Altitude Sickness News and Research RSS Feed - Altitude Sickness News and Research

Scientists identify potential drug for pre-treating cells that swell after mild traumatic brain injury

Scientists identify potential drug for pre-treating cells that swell after mild traumatic brain injury

A team of biomedical engineering researchers at the University of Arkansas have identified a cause of fluid swelling of the brain, or cellular edema, that occurs during a concussion. [More]
Mayo launches new High Altitude and Harsh Environments Medical Clinic

Mayo launches new High Altitude and Harsh Environments Medical Clinic

Mayo Clinic is seeing patients with concerns about traveling to high altitudes at the recently established High Altitude and Harsh Environments Medical Clinic. [More]
High-altitude dwellers prone to chronic mountain sickness produce huge amounts of red blood cells

High-altitude dwellers prone to chronic mountain sickness produce huge amounts of red blood cells

To better understand why some people adapt well to life at high altitude while others don't, researchers at University of California San Diego School of Medicine studied red blood cells derived from representatives of both groups living in the Andes Mountains. [More]
Climbing Mount Kilimanjaro to research oxygen deprivation

Climbing Mount Kilimanjaro to research oxygen deprivation

This expedition was a part of our clinical collaboration with the Mayo Clinic. In short, this particular study focused on the effect of altitude and aging on heart and lung function. [More]
Pre-travel consultation can help international travelers to prepare for trip

Pre-travel consultation can help international travelers to prepare for trip

International tourism exceeds 1.2 billion persons each year, with more than 20 percent of travelers reporting some type of illness. [More]
Researchers explore how nitrate-rich beet juice may affect high altitude acclimatization

Researchers explore how nitrate-rich beet juice may affect high altitude acclimatization

Ever since human beings first began climbing the world's tallest mountains, they have struggled with a basic problem: altitude sickness, caused by lower air pressures which affect the ability of our bodies to take up oxygen. [More]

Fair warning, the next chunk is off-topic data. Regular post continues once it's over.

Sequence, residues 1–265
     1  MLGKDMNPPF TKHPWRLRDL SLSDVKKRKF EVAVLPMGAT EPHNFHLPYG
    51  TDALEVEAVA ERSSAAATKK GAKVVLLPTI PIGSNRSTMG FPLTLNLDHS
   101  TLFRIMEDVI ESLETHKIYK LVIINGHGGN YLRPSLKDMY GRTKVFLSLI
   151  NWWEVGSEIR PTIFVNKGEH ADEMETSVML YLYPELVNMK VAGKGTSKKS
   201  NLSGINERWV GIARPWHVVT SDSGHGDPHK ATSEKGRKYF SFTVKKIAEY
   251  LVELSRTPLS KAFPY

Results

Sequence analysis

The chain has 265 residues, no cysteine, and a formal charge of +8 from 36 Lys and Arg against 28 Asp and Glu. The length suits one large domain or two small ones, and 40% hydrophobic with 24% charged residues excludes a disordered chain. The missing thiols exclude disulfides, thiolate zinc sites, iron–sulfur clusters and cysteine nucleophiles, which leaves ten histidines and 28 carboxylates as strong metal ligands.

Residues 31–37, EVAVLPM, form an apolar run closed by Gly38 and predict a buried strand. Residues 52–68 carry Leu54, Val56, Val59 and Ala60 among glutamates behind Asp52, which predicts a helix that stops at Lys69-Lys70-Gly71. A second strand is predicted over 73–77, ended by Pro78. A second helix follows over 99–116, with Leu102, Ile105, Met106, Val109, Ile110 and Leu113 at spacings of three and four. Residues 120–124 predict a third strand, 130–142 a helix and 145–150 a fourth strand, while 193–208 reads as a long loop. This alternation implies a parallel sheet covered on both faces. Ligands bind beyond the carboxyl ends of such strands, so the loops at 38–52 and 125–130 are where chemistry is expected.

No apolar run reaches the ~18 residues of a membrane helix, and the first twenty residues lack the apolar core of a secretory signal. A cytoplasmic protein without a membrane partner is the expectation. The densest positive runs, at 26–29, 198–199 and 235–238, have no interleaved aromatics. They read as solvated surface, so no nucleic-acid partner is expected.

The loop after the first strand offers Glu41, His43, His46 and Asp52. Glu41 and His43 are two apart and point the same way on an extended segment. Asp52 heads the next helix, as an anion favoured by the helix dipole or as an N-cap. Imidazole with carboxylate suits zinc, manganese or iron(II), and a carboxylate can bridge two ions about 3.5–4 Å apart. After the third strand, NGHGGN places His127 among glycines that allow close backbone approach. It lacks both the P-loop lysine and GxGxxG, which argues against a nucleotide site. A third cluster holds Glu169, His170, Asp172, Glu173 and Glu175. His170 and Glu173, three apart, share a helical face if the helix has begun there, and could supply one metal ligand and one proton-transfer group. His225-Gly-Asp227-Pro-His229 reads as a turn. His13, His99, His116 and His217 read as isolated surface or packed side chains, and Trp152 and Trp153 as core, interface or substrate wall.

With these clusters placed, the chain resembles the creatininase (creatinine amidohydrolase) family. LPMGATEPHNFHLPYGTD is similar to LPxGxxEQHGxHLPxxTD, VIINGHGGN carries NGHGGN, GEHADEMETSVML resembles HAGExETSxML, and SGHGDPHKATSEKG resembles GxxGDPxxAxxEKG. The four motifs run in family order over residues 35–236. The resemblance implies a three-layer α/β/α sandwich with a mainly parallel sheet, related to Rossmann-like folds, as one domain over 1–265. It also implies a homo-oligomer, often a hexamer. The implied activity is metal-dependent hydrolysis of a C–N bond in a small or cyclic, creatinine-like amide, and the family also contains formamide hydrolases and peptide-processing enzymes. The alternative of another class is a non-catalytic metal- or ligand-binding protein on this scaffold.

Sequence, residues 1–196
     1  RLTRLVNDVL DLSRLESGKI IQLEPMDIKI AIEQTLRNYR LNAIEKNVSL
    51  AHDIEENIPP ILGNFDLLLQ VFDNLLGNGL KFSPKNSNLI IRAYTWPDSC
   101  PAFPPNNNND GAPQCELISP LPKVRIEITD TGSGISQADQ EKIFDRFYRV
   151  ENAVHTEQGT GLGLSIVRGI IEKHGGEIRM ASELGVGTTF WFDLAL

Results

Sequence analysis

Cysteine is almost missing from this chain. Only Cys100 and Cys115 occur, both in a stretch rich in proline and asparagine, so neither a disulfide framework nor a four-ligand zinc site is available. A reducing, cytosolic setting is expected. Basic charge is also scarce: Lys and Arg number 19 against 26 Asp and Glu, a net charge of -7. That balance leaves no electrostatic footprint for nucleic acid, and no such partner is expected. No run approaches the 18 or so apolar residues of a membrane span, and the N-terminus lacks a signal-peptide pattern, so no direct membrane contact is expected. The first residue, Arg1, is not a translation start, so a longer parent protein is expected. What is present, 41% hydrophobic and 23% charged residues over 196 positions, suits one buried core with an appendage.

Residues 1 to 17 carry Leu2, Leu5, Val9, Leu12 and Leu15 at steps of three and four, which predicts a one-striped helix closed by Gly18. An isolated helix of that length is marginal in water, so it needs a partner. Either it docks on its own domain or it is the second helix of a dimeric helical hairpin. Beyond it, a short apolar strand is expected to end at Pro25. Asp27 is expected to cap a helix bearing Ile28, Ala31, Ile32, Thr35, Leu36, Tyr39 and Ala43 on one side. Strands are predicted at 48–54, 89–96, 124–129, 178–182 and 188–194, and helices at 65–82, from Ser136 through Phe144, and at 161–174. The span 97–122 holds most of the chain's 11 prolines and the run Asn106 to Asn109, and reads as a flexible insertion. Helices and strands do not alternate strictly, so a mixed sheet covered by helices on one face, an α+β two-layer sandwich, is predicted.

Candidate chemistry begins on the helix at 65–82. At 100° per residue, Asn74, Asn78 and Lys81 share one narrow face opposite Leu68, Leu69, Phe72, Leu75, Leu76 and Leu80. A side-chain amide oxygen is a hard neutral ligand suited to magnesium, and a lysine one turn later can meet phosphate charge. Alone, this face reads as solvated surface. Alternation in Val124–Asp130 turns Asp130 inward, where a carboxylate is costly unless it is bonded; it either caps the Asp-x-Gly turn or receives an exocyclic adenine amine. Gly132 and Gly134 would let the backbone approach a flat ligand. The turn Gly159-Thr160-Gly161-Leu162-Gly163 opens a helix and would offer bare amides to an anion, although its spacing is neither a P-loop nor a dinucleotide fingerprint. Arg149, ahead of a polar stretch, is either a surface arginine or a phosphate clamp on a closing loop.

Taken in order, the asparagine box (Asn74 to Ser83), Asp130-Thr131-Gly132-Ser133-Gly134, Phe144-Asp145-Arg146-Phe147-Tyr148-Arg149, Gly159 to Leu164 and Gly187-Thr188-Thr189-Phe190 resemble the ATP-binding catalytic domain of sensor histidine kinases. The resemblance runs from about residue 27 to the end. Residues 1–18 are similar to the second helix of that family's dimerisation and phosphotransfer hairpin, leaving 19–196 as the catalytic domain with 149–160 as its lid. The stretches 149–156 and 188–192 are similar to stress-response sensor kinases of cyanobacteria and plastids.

23andMe announces publication of genome-wide association study of motion sickness

23andMe announces publication of genome-wide association study of motion sickness

23andMe, Inc., the leading personal genetics company, today announced the publication of the first ever genome-wide association study of motion sickness. [More]
GlassesOff mobile app improves visual acuity, image processing speed in IAF pilots

GlassesOff mobile app improves visual acuity, image processing speed in IAF pilots

GlassesOff Inc. (OTCBB: GLSO) today announced that statistically significant interim results from a study commissioned by the Israeli Air Force (IAF) demonstrated significant improvements in critical visual functions of IAF pilots through the use of the GlassesOff mobile app. [More]
Columbia University professor recommends vaccination for people travelling abroad

Columbia University professor recommends vaccination for people travelling abroad

Planning to travel outside the U.S. this holiday season? Check with your primary care provider or travel clinic when you book your flight. [More]
NIH-funded clinical trial aims to restore vision in people who have lost vision due to IIH

NIH-funded clinical trial aims to restore vision in people who have lost vision due to IIH

In an NIH-funded clinical trial, led at Saint Louis University by professor of ophthalmology Sophia Chung, M.D., researchers aim to bring sight back to those who have lost vision due to idiopathic intracranial hypertension. [More]
Researchers identify possible way to prevent headaches of climbers

Researchers identify possible way to prevent headaches of climbers

By monitoring blood flow in the brains of six climbers scaling Mount Kilimanjaro in Tanzania, German medical researchers have identified a possible way to prevent the headaches that are a common feature of altitude sickness. This work appears in the latest issue of JNIRS—Journal of Near Infrared Spectroscopy. [More]